As you get used to the extremely hot and humid weather, you also get used to the new normal. You put another layer of clothing on your shoulders to persevere under the male chauvinism as well as protect yourself from the freezing a/c everywhere. You adapt to the new weekend; Friday & Saturday and feel lucky you're not working 6 days a week like most of the expats. 

Dust is everywhere because there is construction everywhere. They are building a whole new city for World Cup 2022. It's also hard to grasp the reason why Qataris love the dessert so much but there is no escape form it. The city is surrounded with dessert and filled with construction sites. So, you gotta love dust and color beige!

Saturday, 23 January 2016

Travel Often Getting Lost Will Help You Find Yourself: Sydney Episode

Sydney is like a second home to me.  After all it where my second family lives. 

The coastal walk from Clovelly to Bondi leaves you speechless. You are introduced to a beach life that you cannot find anywhere. Neither Barcelona nor LA can compete with Sydney beaches. You've got to teach your kids how the ocean works when they are around age 5. Otherwise, the ocean can be really scary. You've got to learn how to keep up with the waves. Then, all you need is to ride the amazing waves. 


Australia also means friends-for-life. Conversations that you pick up right where you left off years ago. Friends that teach you how to look deep into your soul and smile. Even though oceans apart, we are always together in heart and soul.


And the parties.. Crazy, fancy, mind blowing parties. I absolutely love partying with these amazing souls!   

The Kingsford Airport is the saddest place on earth. Its scarier than a hospital for me. Its always hard to say goodbye but we try to hold on to our beautiful memories rather than the distance between us. Keep on and keep the smile on!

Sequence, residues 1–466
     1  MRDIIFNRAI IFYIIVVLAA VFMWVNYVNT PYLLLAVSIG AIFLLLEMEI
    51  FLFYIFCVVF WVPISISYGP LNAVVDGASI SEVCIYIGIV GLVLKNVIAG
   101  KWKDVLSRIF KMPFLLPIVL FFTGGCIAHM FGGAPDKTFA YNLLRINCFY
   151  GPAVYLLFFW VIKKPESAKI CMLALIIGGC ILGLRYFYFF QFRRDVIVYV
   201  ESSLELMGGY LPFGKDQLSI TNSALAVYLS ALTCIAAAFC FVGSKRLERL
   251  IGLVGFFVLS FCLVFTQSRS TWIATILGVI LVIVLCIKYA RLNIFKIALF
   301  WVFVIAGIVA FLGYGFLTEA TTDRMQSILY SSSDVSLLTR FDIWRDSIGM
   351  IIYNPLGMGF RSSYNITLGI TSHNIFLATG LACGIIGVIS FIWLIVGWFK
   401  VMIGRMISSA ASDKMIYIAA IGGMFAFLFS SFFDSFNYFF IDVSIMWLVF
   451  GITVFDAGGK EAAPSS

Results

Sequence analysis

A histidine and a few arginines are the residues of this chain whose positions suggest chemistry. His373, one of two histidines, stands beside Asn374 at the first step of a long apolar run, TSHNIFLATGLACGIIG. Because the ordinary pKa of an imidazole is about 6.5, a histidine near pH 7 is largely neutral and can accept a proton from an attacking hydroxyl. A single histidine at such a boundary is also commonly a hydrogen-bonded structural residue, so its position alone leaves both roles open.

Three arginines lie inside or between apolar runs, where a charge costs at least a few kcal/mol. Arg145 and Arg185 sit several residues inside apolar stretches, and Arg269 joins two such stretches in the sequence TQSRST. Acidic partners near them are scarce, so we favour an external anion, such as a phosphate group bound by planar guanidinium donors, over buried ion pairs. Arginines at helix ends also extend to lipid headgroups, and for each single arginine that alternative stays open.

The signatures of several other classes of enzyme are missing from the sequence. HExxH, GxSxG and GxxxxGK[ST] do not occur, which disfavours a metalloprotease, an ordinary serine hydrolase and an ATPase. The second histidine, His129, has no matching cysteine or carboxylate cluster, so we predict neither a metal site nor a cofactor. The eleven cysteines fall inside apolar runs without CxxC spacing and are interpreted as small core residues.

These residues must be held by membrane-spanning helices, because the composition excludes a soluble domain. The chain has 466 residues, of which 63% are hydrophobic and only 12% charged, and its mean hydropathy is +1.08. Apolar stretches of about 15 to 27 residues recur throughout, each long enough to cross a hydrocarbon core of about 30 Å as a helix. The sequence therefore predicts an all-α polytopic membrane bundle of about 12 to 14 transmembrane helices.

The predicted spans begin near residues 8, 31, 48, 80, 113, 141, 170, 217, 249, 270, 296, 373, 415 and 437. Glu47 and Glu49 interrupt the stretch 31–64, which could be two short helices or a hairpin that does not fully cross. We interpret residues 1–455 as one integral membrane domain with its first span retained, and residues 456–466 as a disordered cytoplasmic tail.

Travel Often Getting Lost Will Help You Find Yourself: Malaysia Episode

Malaysia was really Truly Asia with its rich culture and nature. 

In the Quran paradise is depicted as "gardens watered by running streams" and Malaysia is like a reflection of paradise on earth with its evergreen rainforests dancing hand in hand with the ocean.


From Buddhist temples to Hindu temples, from Roman Catholic churches to Maliki mosques all roads led to an indescribable peace that would take over one's mind and heart. The craftsmanship was laudable on each and every one these holly architectures. The colourful outlook of these buildings created a rainbow of joyful celebration of a variety of believes. But most importantly, it was surrounded with respect for one and other.

On a special note for Islam; the call to prayer wasn't broadcasted loudly from the mosques. You really need to make an effort to hear the azan but mosques were packed during the prayer times. So, I guess you don't have to scream at the top of your lungs to convince people to visit the mosque and carry out their religious duties.

The cuisine was as colourful and prolific as the religious front. It was a fusion of indonesian and indian cuisines with a twist of lime on everything. Most of the vegetables were advised to be consumed raw. Imagine the fresh taste! And, it was incredibly cheap. This is the first time that I've visited a country which offered incredibly delicious and nutritious food for less than $5. I thought food was cheap in Turkey, scratch that.  

On convergence with Turkey, the streets (in Kuala Lumpur mostly not in Kuching) were quite dirty. It looked like you've taken the back streets of Eminonu and placed them in southeast asia. There were super old and dirty looking apartments right next to newly built, super luxurious skyscrapers. The income gap was so evident and heartbreaking. I've come to realise that its also the case in Qatar. - but its another story for another post.    

Staying at a tree house in the heart of the rainforest was a-ma-zing! The nature was mesmerising. Waking up and going to sleep with the sound of the waves was therapeutic. But, no matter how much repellant you put on your skin there is no hiding from the mosquitos. And, you cannot use the tap water to brush your teeth so that's another challenge in the mornings.  

Closing remarks, kudos to Malaysia for showing me a version of Islam which was really like the ancient Medina people; lenient, respectful and inclusive.